Japan Museums: Sumiya Motenashi Museum
Sumiya Motenashi Art Museum 角屋もてなしの文化美術館
Sumiya is a two-story building that served as a very high-end restaurant/brothel and dates from more than 350 years ago.
Located in a former red-light district known as Shimabara, in central Kyoto, Sumiya is now a museum open to the public, and is the last surviving example of "ageya" architecture.
Ageya were elegant restaurants where Geisha and Tayu performed and lived. Performances included elaborate tea ceremonies, songs and dances. Sumiya has been owned and managed by the Nakagawa family since 1641 and the present enlarged buildings date from 1787.
In 1952 the building was designated as an Important Cultural Property.
Sumiya is a two story structure with a tiled roof and combines elements of shoin-tsukuri and sukiya-tsukuri styles. The former is the elegant, formal style of the samurai warrior class distinguished by large tatami rooms, painted screens and fine carvings, whereas the latter is the more informal, sparse style of the tea ceremony.
The beautiful garden viewed from the veranda of the Sumiya Motenashi Art Museum, Kyoto
The exterior of the Sumiya Motenashi Art Museum, Shimabara, Kyoto
Sumiya was not just a place of entertainment based on "wine, women and song" but also an important salon where famous people in the fields of politics, art and literature gathered, including a group of haiku poets known as Shimabara Haiden and the anti-Tokugawa reformers Saigo Takamori, Kusaka Genzui and Sakamoto Ryoma, who met here with rich merchants to try and secure funds for their struggle. Their awoved opponents the pro-Tokugawa Shinsengumi also met here in the final years of the Tokugawa regime.
Visitors enter through the original kitchen area and then remove their shoes as they enter the exhibition rooms. The kitchens preserve their original clay ranges with wooden lids and a variety of cooking implements of the period are on display.
The exhibition rooms have glass cases displaying some beautiful ceramics including dishes and sake flasks, Edo period documents relating to the administration and business operations of the restaurant and some exquisite lacquerware. Other tatami-rooms hold priceless byobu folding screens and fusuma-e (paintings on sliding doors).
Works by some of the greatest artists of the Edo Period (1603-1867) can be seen in Sumiya including "Plum Blossoms" a National Treasure by Yosa Buson (1716-1784) as well as works by Kishi Ganku (1756-1836), Maruyama Okyo (1733-1795), Emura Shumpo and Yamada Gazan.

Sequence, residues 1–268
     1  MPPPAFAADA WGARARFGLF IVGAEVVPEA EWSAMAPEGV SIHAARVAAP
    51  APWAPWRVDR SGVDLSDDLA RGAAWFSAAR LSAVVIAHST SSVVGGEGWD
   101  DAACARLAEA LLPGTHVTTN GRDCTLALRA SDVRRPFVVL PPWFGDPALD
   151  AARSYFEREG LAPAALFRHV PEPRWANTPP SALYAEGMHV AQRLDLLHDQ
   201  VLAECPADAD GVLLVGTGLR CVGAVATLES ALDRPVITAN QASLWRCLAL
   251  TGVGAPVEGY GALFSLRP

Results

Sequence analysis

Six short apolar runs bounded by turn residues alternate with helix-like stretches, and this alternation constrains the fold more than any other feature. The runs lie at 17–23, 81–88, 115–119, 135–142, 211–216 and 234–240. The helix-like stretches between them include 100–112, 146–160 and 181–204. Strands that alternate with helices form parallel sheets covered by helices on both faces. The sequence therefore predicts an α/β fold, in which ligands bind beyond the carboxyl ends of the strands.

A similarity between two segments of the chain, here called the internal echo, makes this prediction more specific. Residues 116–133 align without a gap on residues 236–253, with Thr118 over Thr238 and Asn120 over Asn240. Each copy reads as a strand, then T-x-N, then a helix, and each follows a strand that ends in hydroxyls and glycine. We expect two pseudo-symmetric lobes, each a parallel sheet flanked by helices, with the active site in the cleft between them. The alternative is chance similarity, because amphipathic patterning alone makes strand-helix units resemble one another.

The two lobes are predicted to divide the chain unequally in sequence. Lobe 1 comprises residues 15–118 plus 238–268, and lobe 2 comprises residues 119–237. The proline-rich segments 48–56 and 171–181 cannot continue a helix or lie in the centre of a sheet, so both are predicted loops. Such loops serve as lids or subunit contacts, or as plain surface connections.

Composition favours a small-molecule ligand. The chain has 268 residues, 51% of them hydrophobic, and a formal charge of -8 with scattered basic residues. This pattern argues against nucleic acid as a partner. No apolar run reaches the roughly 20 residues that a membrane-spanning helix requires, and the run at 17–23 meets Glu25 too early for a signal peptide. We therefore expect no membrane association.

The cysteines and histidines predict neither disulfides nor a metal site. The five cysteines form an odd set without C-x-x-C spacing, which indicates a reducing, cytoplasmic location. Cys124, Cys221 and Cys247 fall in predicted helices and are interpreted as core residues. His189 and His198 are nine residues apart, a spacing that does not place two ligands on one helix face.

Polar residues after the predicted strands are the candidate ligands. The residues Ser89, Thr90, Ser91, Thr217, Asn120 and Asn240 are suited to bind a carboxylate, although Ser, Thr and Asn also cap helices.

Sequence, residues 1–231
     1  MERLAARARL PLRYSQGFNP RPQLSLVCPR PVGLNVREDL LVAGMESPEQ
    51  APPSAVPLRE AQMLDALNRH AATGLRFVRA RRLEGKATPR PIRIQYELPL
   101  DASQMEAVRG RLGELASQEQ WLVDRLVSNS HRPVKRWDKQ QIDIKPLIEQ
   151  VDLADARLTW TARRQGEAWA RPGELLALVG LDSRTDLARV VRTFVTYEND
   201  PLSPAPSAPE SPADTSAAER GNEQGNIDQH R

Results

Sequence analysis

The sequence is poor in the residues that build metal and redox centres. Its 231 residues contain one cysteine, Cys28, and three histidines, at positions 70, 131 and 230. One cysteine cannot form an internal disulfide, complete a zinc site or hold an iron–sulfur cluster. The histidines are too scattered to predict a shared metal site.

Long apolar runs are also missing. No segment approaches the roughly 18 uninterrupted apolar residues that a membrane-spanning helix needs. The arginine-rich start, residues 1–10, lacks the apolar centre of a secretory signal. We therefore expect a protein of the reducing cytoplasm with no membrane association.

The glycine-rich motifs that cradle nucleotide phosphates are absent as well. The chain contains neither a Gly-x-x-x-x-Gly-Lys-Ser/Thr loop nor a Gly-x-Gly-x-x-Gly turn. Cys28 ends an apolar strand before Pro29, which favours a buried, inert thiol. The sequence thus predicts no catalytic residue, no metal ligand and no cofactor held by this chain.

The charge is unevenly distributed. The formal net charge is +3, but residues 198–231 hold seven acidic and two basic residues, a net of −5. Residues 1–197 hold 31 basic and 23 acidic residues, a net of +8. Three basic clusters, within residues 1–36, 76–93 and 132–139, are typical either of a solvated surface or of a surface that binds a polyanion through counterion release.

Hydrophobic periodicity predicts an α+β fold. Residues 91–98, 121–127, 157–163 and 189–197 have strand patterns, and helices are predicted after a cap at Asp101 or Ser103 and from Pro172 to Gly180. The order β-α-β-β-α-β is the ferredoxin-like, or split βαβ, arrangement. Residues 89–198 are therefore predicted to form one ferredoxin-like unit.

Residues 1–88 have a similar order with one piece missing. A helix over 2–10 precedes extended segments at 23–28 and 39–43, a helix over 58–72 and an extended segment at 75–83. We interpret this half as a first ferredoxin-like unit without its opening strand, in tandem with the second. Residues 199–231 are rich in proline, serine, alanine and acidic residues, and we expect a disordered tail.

Another item of particular interest is a wooden sword rack, where patrons were to leave their swords.
The highlight of a visit to Sumiya for many visitors is its exquisite garden viewed from an engawa (narrow veranda) running around the edge of the rooms facing it. The raked gravel garden contains a spreading pine tree and a late-flowering cherry.
A painted sliding door or fusuma-e at Sumiya, Shimabara, Kyoto
Open from 10:00 - 4:00. Closed Mondays. Admission 1,000 yen.
The spreading pine and cherry trees at Sumiya, Kyoto
Access: From JR Tambaguchi Station, which is one stop from Kyoto Station on the Saiin Line, walk south along Senbon Dori (street). This is the street you come to as you exit from the right side of the station. It runs next to the JR train line. Walk with the train line above you and on your right and the Kyoto wholesale fruit and vegetable market on your left. When you reach a small temple on the left, turn left. Make your first right and the walls of Sumiya will appear.
If you are coming from the north side of Nishi Honganji Temple, walk west on Hanaya-machi Dori for three blocks. You will pass through the old gate of Shimabara, keep going straight and you will see a sign to Sumiya on your left.
A sake flask and inlaid wooden carrier for the cups, the Sumiya Motenashi Art Museum, Kyoto
The Ageya architectural style of Sumiya Motenashi Art Museum, Kyoto
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